Let me recommend Ampay bus line for all of the above.
We hop onto the afternoon bus bound for Quillabamba and I am impressed. This bus is a Mercedes-Benz with freshly ironed curtains lining the windows. The entire bus has a crisp appearance, every surface has clean edges that don’t seem to be worn down with years, grime and abuse. But the best features are the padded, plastic covered leg rests. Ah, luxury! We recline our seats, kick down the leg rests and breathe deep. I am looking forward to a relaxing, comfortable ride to the jungle town of Quillabamba.
The lady across the aisle from us is the only other rider I have an awareness of. She’s holding a cute little puppy in brightly colored manta. Great! We’re riding in comfort next to a cute little puppy . . . can it get any better? We play with the puppy and his little blanket. The puppy eventually shits on the bus floor. We all laugh and the lady cleans it up and throws the toilet paper out the window.
The journey to Quillabamba is long and arduous. Not many travelers take the trip because it’s an eight or nine hour bus ride and the last few hours are on a bumpy, unpaved road and there aren’t many popular tourist destinations in that direction. Quillabamba sits in the high jungle just on the other side of a range of
The bus twists up and up and up for a couple of hours, on a really nice smooth paved road. Then we hit the clouds and we glide through mist. Every once in awhile, the bus is flagged down by little Peruvian kids wearing traditional Quechua clothing. We stop for just a second, the driver hands the kid some bread and we are off again. I’m so comfortable and I’m thinking about how I need to have an Anna-tude adjustment about riding the busses and just learn to relax and trust that everything will be all right. The clouds are so beautiful, we’re crossing the apex of the mountain peak, the cute little puppy is running around . . .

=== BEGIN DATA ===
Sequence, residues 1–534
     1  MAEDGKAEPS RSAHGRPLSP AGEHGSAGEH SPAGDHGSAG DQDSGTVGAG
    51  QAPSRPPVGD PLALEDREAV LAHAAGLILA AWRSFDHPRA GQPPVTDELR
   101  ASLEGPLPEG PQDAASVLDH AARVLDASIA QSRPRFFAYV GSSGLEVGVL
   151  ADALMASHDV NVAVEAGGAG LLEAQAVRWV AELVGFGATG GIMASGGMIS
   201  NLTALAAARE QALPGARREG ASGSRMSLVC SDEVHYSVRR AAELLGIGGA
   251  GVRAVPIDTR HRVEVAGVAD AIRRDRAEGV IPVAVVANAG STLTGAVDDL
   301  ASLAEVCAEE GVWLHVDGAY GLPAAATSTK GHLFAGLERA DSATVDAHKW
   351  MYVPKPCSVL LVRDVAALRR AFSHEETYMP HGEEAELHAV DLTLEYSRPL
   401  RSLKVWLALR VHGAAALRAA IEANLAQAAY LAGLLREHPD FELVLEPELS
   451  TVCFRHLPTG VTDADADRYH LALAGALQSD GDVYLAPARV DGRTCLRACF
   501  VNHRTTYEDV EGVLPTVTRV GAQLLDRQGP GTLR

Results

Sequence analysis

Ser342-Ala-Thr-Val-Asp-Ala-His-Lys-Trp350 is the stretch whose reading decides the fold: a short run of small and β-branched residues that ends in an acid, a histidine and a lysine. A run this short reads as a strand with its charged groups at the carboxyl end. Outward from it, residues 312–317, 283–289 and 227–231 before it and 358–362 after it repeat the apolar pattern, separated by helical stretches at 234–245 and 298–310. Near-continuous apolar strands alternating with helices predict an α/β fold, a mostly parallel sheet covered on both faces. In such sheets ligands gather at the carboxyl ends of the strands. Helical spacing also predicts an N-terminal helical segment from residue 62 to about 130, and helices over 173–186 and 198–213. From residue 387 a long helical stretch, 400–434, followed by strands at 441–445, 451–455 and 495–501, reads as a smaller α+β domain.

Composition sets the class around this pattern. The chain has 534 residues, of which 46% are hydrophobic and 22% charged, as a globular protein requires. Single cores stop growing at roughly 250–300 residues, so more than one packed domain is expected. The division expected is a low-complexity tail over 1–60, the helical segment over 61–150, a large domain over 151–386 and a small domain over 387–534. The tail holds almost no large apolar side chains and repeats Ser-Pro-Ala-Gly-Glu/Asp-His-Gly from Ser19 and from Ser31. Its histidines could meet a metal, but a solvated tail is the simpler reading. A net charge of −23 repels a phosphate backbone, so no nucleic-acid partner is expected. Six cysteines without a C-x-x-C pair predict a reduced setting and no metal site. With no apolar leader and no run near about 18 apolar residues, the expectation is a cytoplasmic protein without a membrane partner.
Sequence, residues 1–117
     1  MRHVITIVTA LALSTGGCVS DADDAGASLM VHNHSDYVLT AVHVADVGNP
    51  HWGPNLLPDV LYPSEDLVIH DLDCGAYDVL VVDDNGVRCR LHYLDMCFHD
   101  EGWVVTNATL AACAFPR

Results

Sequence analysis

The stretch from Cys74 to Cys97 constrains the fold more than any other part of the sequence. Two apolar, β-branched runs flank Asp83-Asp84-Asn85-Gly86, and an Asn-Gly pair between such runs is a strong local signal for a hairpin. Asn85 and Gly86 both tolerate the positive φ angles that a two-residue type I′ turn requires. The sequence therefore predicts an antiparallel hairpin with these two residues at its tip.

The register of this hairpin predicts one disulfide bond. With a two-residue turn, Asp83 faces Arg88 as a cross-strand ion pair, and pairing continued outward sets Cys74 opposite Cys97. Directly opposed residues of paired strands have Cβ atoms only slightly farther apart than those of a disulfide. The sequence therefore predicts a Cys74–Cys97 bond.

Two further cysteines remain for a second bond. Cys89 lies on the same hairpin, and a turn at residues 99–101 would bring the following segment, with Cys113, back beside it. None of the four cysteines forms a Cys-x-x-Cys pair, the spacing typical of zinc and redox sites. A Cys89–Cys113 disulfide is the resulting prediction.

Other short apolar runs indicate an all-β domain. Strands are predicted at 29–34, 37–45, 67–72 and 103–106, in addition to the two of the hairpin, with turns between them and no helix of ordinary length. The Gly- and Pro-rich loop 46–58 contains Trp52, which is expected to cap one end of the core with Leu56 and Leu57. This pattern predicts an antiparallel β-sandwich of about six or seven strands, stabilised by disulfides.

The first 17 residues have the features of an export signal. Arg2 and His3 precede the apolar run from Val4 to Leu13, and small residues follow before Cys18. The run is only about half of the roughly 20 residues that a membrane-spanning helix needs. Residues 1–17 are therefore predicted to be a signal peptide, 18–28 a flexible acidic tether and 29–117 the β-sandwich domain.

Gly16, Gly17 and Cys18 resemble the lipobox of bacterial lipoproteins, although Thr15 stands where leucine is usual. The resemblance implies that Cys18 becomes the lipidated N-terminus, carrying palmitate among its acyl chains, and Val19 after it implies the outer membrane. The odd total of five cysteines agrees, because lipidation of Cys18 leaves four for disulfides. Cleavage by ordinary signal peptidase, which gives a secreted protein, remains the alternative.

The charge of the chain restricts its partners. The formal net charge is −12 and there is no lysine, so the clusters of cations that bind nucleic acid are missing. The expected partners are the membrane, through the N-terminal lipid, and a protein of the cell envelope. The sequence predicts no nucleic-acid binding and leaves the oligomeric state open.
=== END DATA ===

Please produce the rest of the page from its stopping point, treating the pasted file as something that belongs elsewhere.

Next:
. . . and all of a sudden, there’s a bit of a commotion. No less than four Peruvian matriarchs, including the one sitting next to us with the puppy, run toward the middle of the bus. “Que paso?” I ask the guy sitting next to us. He makes a rounded-belly motion with his hand. “Nacimiento?” I ask. A birth? He shakes his head an emphatic yes. The bus still twists and turns through the clouds, not slowing down at all. I look up. Sure enough, there are four matronly ladies with concerned looks, swaying and staggering in the ailse as the bus rounds the curves, looking down at a passenger who is reclined in one of the comfy bus seats. All I can see from my seat in the back is that they are pushing on a woman’s belly. I’d like to get a picture, but feel it just wouldn’t be right . . .
They ask me if I want to see. I stand up and make my way, swaying with the bus, toward the woman. She’s reclined and her fists are clenched into the blanket that covers her waist. She’s made not one sound, hasn’t cried out in pain at all. “Has she had the baby?” I ask, thinking that the woman is still in labor. Then I notice the man sitting next to her. He’s holding the cloth that the puppy had been wrapped up in earlier. He pulls the cloth back to reveal a tiny baby so new that it’s still covered in goo.
“Close the windows!” one of the matrons calls out. Another passenger offers a sprig of some kind of plant. The woman holds the sprig over the baby and murmurs a prayer in Quechua. The Andean people revere the surrounding mountains as gods. The fact that this baby was born on the very top of this apu is not lost on these mountain women. This baby is special. That apu wanted it to be born right at that moment.
Sometimes the apus claim lives in horrific bus crashes. It’s a daily fact of life that Peruvians just live with. But this time, a new life is born, innocent and new at 14,000’, in the clouds and mist at the top of the mountain.